Zim to adopt e-medical aid card model

e-medical aid

ZIMBABWE will soon adopt an e-medical aid card after local private health players expressed willingness to embrace the electronic system, which will ensure instant payment from medical aid societies.

For years, private health practitioners and medical aid societies have been at loggerheads over failure by the former to pay them on time.

This had a ripple effect on the country’s health care system, resulting in private players shunning patients on medical aid.

Speaking at the TGI-eCard strategic alliance official signing ceremony in Cairo, Egypt, on Sunday, Medical and Dental Private Practitioners of Zimbabwe Association (MDPPZA) president Johannes Marisa said: “We are so excited to be part of the innovation that TGI and eCards are bringing to Zimbabwe, and we are confident that it is going to ease healthcare access by the generality of the Zimbabwean population.”

He said healthcare providers were ready to support the instant payment platform as it created a level playing field for medical aid funds, service providers and the subscribing members alike, while service providers would get their money for services rendered on time.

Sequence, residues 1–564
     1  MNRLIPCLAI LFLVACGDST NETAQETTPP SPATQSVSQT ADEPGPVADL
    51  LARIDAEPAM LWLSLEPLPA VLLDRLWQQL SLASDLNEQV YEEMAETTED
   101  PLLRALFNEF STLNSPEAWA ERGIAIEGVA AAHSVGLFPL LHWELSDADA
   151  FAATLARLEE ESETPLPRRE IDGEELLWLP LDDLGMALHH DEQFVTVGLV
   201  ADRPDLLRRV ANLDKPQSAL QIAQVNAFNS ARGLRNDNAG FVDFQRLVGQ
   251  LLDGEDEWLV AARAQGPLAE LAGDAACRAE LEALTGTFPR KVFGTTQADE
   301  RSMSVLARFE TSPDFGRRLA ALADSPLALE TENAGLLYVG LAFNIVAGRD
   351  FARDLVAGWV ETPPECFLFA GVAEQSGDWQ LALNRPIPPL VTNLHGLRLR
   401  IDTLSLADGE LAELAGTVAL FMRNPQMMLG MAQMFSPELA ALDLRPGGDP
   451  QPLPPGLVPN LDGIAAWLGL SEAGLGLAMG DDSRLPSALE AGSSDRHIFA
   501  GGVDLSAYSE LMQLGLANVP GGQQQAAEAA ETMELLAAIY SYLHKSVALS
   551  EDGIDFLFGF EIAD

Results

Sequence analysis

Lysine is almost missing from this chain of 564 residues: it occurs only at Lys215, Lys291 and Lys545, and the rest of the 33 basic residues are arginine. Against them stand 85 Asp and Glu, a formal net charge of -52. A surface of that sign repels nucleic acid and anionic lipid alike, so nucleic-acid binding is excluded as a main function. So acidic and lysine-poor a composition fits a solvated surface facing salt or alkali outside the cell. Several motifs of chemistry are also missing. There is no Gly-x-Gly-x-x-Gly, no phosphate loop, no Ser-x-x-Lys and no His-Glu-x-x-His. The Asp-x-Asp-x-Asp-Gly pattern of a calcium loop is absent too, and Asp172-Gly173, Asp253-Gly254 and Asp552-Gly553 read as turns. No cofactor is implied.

“For medical funds, it results in low claims and creation of reserves for fund sustainability.”

Marisa said the electronic system, which enable tap-to-pay facilities, would result in quality healthcare service and lower contributions on the part of patients due to the low claim severity experienced by their medical funds.

He said the model would also reduce out-of-pocket expenses in the form of co-payments and shortfalls arising from varied claimed reimbursement levels by medical funds.

“The initiative is, therefore, mutually beneficial to all participants and creates equity and fairness among all and will promote attainment of Sustainable Development Goal 3 on universal health coverage.”

The electronic medical aid card model is the first of its kind in Africa.

Egypt was the first country on the continent to adopt the model, while in Zimbabwe; the system would be used as a pilot project for the southern African region.

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